Highly active oxide photocathode for photoelectrochemical water reduction

Nat Mater. 2011 Jun;10(6):456-61. doi: 10.1038/nmat3017. Epub 2011 May 8.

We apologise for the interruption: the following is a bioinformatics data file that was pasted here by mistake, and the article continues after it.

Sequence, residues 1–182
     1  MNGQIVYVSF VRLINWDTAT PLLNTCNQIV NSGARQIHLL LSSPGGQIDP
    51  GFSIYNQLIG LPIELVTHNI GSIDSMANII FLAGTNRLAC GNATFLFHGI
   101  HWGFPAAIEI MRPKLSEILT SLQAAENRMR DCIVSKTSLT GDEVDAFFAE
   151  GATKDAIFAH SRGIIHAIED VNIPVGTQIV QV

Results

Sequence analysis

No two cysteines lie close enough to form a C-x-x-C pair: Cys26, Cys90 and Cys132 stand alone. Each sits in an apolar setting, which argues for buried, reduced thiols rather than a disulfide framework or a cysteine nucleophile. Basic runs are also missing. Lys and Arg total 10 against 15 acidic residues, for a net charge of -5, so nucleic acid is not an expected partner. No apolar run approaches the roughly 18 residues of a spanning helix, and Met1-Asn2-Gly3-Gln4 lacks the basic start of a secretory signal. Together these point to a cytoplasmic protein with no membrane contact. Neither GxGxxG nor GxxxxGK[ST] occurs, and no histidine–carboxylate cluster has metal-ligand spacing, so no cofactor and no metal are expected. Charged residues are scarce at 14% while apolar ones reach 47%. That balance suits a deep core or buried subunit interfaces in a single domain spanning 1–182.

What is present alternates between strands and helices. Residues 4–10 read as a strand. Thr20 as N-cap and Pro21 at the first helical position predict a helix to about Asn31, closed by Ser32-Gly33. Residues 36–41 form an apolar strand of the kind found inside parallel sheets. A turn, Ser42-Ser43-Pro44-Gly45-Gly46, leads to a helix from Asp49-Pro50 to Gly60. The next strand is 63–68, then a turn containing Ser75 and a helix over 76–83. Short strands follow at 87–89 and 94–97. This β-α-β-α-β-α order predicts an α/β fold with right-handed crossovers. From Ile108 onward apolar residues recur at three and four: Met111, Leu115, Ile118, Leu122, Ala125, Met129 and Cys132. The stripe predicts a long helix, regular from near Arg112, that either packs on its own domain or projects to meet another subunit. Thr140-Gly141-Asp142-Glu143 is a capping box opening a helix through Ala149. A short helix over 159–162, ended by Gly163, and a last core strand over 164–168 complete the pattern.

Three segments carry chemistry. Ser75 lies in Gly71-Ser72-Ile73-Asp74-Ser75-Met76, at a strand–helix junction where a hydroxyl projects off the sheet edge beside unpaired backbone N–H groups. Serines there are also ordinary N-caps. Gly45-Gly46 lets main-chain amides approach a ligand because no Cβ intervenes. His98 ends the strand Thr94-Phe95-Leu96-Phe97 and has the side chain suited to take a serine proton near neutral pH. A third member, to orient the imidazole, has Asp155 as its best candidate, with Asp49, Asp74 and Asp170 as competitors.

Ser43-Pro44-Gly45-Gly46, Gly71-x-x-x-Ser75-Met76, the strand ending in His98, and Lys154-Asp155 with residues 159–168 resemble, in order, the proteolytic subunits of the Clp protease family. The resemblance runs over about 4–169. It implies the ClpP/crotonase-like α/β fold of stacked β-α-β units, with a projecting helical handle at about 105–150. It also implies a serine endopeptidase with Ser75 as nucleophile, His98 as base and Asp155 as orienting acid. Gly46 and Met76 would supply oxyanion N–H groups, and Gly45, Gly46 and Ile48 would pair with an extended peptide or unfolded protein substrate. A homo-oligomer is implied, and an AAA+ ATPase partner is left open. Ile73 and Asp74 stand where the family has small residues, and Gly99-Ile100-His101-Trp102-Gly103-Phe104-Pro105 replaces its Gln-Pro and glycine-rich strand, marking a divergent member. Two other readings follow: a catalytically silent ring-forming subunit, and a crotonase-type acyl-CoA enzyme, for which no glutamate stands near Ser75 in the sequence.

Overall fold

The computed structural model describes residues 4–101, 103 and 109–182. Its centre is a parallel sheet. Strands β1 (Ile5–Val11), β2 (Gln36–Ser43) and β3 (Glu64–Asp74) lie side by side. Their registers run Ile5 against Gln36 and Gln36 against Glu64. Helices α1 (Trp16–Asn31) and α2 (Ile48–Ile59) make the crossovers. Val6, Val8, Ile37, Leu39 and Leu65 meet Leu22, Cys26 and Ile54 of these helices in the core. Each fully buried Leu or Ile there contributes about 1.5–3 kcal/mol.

A clean and efficient way to overcome the limited supply of fossil fuels and the greenhouse effect is the production of hydrogen fuel from sunlight and water through the semiconductor/water junction of a photoelectrochemical cell, where energy collection and water electrolysis are combined into a single semiconductor electrode. We present a highly active photocathode for solar H(2) production, consisting of electrodeposited cuprous oxide, which was protected against photocathodic decomposition in water by nanolayers of Al-doped zinc oxide and titanium oxide and activated for hydrogen evolution with electrodeposited Pt nanoparticles. The roles of the different surface protection components were investigated, and in the best case electrodes showed photocurrents of up to -7.6 mA cm(-2) at a potential of 0 V versus the reversible hydrogen electrode at mild pH. The electrodes remained active after 1 h of testing, cuprous oxide was found to be stable during the water reduction reaction and the Faradaic efficiency was estimated to be close to 100%.